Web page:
Sinister Design’s True Messiah is a religious, strategy horror board game. It’s being billed as Dali meets Dune and features deck building, board control and gameplay for anywhere between two and four players.
The game centers around a device called the Belief Engine, it’s a scientific device that managed to bring strong beliefs into reality. This engine managed to completely collapse human civilization, and out of the ruins factions of sectional cults arose. Players will take on the roles of these cult leaders, aiming to control the horrors of the Belief Engine and maintain power in a world gone mad. It’s a crazy premise that sounds like the sort of thing that would be the brainchild of Gregory Widen and H.R. Giger.
Designer Craig Stern has been working on the board game, refining it and honing the craft to build a believable and engrossing game world True Messiah for the past 13 years. Yes, he started back in 2003 and is just now ready to finish up the project for a full public release. You can get a glimpse of what he’s aiming to create with the Kickstarter pitch video below.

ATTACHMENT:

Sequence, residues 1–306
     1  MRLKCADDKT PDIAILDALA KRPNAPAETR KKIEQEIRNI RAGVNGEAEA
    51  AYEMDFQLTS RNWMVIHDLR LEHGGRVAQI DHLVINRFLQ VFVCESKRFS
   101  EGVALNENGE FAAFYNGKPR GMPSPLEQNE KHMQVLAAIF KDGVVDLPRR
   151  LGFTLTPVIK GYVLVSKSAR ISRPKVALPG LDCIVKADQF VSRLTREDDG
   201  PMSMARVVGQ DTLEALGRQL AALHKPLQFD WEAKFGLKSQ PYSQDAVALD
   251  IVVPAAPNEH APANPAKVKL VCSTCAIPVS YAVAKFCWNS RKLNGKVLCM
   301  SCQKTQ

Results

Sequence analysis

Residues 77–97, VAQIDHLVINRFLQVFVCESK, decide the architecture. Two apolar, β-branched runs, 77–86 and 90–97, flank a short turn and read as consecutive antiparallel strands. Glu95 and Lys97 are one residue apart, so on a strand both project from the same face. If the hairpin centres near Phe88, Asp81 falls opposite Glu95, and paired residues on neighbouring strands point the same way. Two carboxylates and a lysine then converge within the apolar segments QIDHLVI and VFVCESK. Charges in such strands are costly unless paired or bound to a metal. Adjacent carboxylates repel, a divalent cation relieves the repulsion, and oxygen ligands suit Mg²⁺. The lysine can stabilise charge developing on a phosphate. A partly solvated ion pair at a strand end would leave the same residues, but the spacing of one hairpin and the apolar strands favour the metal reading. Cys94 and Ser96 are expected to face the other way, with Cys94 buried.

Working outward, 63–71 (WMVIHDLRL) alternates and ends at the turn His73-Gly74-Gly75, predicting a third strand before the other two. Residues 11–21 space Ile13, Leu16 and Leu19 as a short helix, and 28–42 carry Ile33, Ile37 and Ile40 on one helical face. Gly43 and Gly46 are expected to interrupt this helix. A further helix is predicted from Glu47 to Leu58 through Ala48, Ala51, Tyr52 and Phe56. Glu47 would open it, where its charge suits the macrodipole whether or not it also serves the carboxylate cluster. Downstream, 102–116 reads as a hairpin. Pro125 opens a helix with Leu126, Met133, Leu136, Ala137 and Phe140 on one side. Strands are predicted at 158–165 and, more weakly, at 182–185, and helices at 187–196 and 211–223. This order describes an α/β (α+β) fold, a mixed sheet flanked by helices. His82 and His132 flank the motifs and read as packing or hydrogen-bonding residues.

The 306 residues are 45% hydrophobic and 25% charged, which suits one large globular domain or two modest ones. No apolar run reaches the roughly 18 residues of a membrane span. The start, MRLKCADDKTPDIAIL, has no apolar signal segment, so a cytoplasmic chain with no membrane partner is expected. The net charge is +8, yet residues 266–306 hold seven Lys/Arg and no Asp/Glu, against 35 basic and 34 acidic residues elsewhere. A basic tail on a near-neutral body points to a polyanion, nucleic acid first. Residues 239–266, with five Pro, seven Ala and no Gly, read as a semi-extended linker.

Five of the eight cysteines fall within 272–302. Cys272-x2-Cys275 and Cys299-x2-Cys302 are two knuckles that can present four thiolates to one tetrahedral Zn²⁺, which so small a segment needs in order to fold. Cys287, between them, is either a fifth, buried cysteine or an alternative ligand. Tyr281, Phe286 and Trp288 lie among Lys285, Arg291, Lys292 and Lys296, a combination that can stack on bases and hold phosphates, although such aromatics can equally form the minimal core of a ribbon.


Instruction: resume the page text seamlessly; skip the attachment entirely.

The board game is already a bit of a hot topic within the tabletop community and its $32,000 goal is already a third of way complete thanks to more than 150 backers pledging funds to help bring the board game to life. With $10,000 accrued and 22 days to go, True Messiah looks as if it might actually succeed within the given time.
The artwork is truly inspired and the premise of the story seems dark, brooding and very cool. A narrative wrought in religious horror-fiction is like a completely under-utilized narrative framework that we just don’t get in enough games and fiction these days. At least Stern is experimenting and stepping outside the box.
If you like what Stern is working on and you think this is something you would like to see come to fruition, you can help contribute to the cause or you can learn more by visiting the official Kickstarter page.
According to the campaign, Stern plans on getting the tabletop board game done and finished by the summer of 2017 next year.
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